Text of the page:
IBM's purchase of PwC Consulting "will unleash the consulting unit from the regulatory restraints of our industry, and will allow the business to reach its full potential," PwC Chief Executive Samuel DiPiazza said in a statement.

"We think we will begin to see immediate improvement in our revenues with the customers who were currently audit clients of PwC," Joyce said.

IBM rivals such as Sun and HP have increasingly focused on partnerships with consulting companies.

The acquisition strengthens IBM's services while diminishing the likelihood that other consulting firms will choose to use IBM's hardware and software, said Gartner analyst Linda Cohen. That's an argument Sun CEO Scott McNealy makes frequently when defending his company's general reluctance to enter the services business but instead rely on partnerships with consulting firms.

IBM Services competitors will argue to prospective clients that PwC Consulting services will use IBM technology regardless of whether it's the best, Cohen said, but that argument likely won't carry much water these days. "Business buyers don't seem to care," she said.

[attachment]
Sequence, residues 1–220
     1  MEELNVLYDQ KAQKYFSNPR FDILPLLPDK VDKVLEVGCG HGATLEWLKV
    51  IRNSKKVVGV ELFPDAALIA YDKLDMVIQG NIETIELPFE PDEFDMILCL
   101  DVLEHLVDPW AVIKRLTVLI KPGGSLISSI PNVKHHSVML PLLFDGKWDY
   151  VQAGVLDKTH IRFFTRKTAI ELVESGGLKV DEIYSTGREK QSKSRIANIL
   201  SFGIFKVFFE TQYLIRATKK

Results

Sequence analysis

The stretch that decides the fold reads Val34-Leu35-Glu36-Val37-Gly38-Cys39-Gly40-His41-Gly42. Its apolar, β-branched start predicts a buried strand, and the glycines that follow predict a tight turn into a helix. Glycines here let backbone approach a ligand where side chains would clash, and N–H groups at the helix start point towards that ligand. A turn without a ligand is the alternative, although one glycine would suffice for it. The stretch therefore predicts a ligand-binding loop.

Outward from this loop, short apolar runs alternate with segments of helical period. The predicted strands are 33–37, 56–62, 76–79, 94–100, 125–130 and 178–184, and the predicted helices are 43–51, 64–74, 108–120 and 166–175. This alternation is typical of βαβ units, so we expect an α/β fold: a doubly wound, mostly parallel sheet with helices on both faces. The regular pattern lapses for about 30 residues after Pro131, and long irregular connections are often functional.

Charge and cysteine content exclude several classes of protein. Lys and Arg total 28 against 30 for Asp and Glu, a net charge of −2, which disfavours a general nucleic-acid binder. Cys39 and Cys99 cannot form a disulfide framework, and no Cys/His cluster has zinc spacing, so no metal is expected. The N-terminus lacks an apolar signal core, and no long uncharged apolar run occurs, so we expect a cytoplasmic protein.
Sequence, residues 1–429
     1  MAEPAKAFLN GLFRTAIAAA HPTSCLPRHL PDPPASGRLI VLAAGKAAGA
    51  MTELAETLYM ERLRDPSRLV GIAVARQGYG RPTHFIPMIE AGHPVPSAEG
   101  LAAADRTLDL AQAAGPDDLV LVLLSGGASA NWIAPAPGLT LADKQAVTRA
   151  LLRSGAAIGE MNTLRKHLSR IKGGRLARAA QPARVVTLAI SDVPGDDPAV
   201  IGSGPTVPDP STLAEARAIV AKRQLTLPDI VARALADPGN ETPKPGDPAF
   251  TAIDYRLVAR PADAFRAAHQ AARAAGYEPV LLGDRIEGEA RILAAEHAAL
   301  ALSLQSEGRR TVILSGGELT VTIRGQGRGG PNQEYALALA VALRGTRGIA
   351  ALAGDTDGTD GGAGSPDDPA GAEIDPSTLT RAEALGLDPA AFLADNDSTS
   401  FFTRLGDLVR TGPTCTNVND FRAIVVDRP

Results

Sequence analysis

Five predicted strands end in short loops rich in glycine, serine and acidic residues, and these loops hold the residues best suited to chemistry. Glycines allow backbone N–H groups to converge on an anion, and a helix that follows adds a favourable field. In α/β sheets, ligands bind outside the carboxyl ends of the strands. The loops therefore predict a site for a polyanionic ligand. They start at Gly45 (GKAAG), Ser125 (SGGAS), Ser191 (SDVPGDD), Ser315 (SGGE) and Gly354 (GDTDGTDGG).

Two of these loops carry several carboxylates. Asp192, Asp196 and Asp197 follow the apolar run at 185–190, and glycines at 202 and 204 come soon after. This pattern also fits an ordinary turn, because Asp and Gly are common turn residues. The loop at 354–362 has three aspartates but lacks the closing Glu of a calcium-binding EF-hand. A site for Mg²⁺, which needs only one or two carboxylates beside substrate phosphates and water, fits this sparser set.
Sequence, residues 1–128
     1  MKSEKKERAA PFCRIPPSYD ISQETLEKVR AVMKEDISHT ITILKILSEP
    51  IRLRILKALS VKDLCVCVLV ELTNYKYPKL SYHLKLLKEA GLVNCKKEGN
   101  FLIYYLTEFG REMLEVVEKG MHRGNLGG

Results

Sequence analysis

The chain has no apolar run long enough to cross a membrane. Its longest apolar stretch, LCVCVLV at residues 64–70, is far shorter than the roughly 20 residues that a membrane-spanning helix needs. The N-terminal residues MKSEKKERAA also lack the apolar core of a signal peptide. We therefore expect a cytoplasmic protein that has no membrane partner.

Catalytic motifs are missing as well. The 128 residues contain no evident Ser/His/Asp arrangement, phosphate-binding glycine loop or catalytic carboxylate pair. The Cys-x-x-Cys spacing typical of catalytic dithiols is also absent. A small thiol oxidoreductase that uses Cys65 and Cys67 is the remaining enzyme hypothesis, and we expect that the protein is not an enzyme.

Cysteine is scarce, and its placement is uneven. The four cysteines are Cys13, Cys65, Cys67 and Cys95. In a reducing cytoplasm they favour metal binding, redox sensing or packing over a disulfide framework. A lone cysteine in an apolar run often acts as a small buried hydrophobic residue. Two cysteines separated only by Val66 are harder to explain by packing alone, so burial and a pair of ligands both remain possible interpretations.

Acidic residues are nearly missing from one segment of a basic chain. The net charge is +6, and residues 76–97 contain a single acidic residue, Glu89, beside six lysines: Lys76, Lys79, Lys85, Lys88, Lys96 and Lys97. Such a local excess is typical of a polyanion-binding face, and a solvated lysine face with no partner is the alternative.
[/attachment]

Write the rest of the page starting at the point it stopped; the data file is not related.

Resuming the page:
IBM, not surprisingly, agrees, believing customers don't want partnerships, they want a one-stop shop.

"They've got to partner for services that we can provide end-to-end," Rometty said in an interview.

As part of its separation from the accounting firm, PwC Consulting had planned to rename itself "Monday" when it finished its split from PwC. The name drew criticism from analysts, who noted the unfavorable connection the day has with many in the working world.

Oil and water
IBM's acquisition of PwC Consulting also reflects the growing reluctance of consulting and accounting firms to keep both disciplines under the same corporate umbrella. After the acquisition, PwC will retain only its auditing, tax and legal services, in addition to some smaller "business advisory" services.